Board decides to continue releasing Plan 1958-D flows
The International St. Lawrence River Board of Control (Board) recently reviewed conditions in theLakeOntario-St.Lawrence River system and has agreed to continue releasing outflows in accordance with the regulation plan, Plan 1958-D. Earlier this year, when Lake Ontario was low and water supply conditions dry, the Board retained 2.8 cm (1.1 in) of water to meet future critical needs. About 2.7 cm (1.1 in) of this water remains. The Board plans to meet in late October to discuss when and how quickly to release the stored water.
After starting the year well below average, and peaking in July above average, Lake Ontario is currently in its normal seasonal decline. The water level on September 17 was 74.76 m (245.28 ft), at the middle of Lake Ontario’s 1.22 m (4 ft) range, being 61 cm (24 in) from its upper and lower limits. The level is about 5 cm (1.9 in) above long-term average for this time of year. Lake St. Lawrence, just upstream of the Moses-Saunders powerhouse, is above average. Downstream, the levels at Pte. Claire on Lac St-Louis are about 11 cm (4.3 in) and at the Montreal Harbour 29 cm (11.4 in) below average.
The Board’s strategy will allow it to address uncertainty in the water supplies and levels between now and the seasonal close of navigation upstream of Montreal. The Board strategy also allows for varying the outflow to meet critical conditions in the river. The Board, in conjunction with its staff, continues to monitor the situation closely and is prepared to take further action as required. Outflow changes are posted to the Board’s Facebook site at www.facebook.com/ISLRBC (English) and its website at http://ijc.org/en_/islrbc under the Data tab, Lake Ontario outflow changes.
Water levels on bothLakeOntarioand theSt. Lawrence Rivervary considerably from year to year depending on the weather conditions. The Board urges everyone to be prepared to live within the full range of levels that have occurred. Although the Board strives to maintain the range of monthly mean levels of Lake Ontario below the upper limit of 75.37 m (247.3 ft) and above the lower limit (from April through November) of 74.15 m (243.3 ft) specified in the Orders of Approval, since regulation began in 1960, actual monthly levels have ranged from a high of 75.73 m (248.5 ft.) to a low of 73.82 m (242.2 ft) due to climate conditions outside the design range. Levels on the river tend to vary more widely. Furthermore, excessive wind set up and wave action may significantly increase or decrease local levels on both the lake and river. Strong winds can change water levels temporarily by over half a metre (2 feet) in some locations.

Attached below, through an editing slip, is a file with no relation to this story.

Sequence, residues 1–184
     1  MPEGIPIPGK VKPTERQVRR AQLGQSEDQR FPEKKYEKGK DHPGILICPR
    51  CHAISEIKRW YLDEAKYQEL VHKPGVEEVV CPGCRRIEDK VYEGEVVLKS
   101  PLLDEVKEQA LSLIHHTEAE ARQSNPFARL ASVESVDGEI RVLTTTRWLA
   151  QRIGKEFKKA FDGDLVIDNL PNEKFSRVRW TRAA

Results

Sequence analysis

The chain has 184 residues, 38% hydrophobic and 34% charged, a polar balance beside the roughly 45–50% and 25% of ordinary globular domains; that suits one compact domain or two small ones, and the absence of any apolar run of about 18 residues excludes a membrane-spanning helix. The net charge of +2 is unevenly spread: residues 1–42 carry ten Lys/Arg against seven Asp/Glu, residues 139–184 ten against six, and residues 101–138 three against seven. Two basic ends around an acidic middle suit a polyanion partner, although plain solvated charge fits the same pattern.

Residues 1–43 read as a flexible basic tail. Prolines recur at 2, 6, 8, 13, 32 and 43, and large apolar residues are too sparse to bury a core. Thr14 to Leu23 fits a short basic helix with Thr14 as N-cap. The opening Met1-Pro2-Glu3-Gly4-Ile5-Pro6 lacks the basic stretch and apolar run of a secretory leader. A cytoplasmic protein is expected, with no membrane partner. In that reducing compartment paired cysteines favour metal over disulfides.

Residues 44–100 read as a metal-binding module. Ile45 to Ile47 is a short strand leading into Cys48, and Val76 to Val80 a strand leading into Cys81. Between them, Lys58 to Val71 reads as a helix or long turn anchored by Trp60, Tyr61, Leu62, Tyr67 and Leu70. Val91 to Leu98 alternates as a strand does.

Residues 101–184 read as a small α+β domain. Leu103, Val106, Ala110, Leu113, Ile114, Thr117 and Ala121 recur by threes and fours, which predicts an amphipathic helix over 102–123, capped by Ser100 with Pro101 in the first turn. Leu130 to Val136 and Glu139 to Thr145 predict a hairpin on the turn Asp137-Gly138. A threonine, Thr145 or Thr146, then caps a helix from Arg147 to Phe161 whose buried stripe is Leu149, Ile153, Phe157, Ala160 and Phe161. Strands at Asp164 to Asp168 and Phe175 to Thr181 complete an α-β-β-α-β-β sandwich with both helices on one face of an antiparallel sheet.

Gail R. Faveri: (905) 336-6007; email@example.com
John Kangas: (312) 846-5348; John.W.Kangas@usace.army.mil
The International St. Lawrence River Board of Control was established by the International Joint Commission in its 1952 order of approval. The Board’s main duty is to ensure that outflows from Lake Ontario meet the requirements of the IJC order; it also develops regulation plans and conducts special studies requested by the IJC. For more information, visit http://ijc.org/en_/islrbc. To receive a weekly e-mail about water levels and flows in the Lake Ontario–St. Lawrence River system, please send a blank e-mail message to stlaw-Lfirstname.lastname@example.org, with the word ’subscribe’ in the title and body of your message.